Kicking Off: Yosemite's 125th Anniversary

The party at one of the world's most nature-rrific spots starts in October.

WALK AROUND ANY MEADOW... or along any ridge or through any valley or along any creek in Yosemite National Park and point at anything that isn't a squirrel or a pinecone or a leaf and proceed to guess the age of what you're pointing at. Rocks? They're old. Lakes? Ancient. Glacier Point? Hoo boy, we hope you have a powerful adding machine on that one, because that's going to take you back a few years. Yosemite has logged some years, is what we're saying, and you could easily add a few zeroes to pretty much a whole swath of the natural wonder, in the "how old?" department, and you still may not be journeying back to the correct point of origin. So to say that Yosemite National Park is about to mark its 125th birthday can make you drop your adding machine, and drop your jaw, in comical tandem. How can that be? Your own grandparents or great-grandparents may have been born before 1890. Surely a destination absolutely oozing (in the poetical sense) timeless cliff faces has a few more decades under its beautiful belt? Well, surely, yes, it does. But Yosemite officially gained lasting protections on Oct. 1, 1890, meaning a birthday celebration is in order. That celebration is kicking off on the first day of October with a remembrance of the man who did so much for the area: John Muir.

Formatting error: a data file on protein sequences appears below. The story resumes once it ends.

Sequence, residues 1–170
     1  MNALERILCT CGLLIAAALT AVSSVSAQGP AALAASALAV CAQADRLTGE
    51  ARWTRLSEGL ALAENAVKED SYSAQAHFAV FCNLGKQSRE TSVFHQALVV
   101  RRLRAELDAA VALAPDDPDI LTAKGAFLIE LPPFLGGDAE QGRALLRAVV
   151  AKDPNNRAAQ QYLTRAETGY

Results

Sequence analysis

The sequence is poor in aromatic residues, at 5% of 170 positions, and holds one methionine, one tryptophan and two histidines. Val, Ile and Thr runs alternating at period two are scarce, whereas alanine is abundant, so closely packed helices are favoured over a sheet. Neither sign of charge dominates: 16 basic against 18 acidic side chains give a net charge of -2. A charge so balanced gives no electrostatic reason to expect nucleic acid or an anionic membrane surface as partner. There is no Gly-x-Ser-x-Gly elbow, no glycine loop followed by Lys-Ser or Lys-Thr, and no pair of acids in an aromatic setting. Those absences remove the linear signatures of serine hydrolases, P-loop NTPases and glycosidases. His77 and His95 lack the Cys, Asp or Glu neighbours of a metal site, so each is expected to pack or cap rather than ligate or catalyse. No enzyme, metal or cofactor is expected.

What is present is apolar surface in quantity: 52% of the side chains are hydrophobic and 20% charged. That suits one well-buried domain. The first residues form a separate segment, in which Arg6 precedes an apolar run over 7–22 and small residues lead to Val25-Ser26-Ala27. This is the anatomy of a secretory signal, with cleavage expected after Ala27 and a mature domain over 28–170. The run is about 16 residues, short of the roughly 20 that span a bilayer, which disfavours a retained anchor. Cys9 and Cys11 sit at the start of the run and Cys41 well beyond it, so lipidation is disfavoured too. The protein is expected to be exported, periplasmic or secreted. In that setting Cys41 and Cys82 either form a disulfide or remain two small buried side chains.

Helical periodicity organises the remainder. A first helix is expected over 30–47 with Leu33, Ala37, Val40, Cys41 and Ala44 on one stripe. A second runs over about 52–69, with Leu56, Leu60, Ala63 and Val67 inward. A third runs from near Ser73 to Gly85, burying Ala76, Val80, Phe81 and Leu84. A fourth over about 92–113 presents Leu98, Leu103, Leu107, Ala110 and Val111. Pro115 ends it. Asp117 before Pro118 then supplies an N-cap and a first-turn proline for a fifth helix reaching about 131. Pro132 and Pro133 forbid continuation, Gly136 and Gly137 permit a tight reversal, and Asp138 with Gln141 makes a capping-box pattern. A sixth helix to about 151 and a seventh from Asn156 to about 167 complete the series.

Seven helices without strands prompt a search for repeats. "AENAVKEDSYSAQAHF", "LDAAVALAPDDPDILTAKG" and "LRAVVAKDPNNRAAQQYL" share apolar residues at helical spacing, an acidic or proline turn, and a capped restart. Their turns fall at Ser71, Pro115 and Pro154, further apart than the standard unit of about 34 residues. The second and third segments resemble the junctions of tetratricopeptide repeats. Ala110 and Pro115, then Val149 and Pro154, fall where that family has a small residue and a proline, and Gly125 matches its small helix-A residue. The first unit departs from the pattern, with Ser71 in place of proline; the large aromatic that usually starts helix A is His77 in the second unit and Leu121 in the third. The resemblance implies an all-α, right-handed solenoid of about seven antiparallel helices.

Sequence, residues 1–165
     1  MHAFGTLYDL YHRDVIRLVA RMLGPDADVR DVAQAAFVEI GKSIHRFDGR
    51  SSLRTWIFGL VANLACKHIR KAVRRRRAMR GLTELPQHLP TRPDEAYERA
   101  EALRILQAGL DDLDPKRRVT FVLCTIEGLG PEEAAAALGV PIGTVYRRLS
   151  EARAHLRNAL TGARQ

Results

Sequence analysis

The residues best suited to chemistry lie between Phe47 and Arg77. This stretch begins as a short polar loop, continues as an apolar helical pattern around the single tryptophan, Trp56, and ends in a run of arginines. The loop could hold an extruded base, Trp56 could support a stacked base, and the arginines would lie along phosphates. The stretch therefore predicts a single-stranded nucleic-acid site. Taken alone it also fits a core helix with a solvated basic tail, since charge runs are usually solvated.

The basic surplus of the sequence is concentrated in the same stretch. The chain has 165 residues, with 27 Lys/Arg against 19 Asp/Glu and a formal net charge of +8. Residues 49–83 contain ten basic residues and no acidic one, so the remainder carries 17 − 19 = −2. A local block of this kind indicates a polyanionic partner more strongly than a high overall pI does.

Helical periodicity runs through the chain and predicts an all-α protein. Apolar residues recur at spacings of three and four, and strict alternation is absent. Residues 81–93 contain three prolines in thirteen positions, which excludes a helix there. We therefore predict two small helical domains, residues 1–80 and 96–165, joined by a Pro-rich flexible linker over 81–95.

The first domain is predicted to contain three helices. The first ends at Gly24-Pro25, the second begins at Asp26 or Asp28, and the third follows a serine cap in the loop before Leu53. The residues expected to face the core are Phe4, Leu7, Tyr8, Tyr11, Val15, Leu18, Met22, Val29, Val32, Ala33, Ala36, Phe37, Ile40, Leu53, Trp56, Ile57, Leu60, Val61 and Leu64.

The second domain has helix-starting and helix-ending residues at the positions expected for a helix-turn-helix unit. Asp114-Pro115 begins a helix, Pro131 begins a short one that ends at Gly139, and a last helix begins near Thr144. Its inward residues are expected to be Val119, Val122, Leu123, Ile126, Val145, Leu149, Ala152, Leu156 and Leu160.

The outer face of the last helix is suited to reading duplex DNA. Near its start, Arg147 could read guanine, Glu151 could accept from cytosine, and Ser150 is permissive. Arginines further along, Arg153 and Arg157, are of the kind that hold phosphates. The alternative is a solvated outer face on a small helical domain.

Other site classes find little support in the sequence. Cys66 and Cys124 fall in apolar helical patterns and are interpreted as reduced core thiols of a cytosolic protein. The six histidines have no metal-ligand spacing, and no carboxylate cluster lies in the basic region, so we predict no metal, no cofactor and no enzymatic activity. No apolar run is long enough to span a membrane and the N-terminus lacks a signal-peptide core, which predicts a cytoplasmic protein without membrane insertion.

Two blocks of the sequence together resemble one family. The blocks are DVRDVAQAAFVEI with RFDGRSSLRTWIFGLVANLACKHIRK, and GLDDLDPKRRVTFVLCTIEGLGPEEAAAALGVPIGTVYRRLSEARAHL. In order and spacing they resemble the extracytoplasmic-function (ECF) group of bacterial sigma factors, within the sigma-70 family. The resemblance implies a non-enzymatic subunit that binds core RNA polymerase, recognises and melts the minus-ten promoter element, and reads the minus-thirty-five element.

"SPECIAL FREE PERFORMANCE": Actor Lee Stetson, known for portraying Mr. Muir, will appear in the Yosemite Theater on Oct. 1 to bring us back to the time when the Yosemite advocate created positive change for the park-to-be. Other activities will be going on, if you find yourself there, but if you feel like a peaceful party, just pay the park and its history a kind thought during your high-country hike. If you prefer a more physical way to love on Yosemite, consider arriving on Sept. 26, National Public Lands Day, when entrance will be free. The physical part? You can join the Yosemite Facelift, when loads of park lovers pitch in to do a little clean up after the busy summer season. Think of this as cleaning up before the party, rather than after, as is tradition. Your host, which would be Yosemite itself, would very much appreciate your help on the pitching-in front. Do note that the Yosemite Facelift runs for a few days, and not just Sept. 26, if you can't make that exact day.

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